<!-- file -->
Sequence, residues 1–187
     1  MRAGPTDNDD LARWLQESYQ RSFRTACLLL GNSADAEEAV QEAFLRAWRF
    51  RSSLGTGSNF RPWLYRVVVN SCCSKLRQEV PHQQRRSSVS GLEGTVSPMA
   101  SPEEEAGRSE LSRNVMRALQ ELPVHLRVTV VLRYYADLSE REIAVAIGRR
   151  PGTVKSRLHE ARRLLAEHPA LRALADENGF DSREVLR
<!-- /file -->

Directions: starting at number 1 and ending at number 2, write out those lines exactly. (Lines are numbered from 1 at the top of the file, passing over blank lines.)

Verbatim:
Sequence, residues 1–187
     1  MRAGPTDNDD LARWLQESYQ RSFRTACLLL GNSADAEEAV QEAFLRAWRF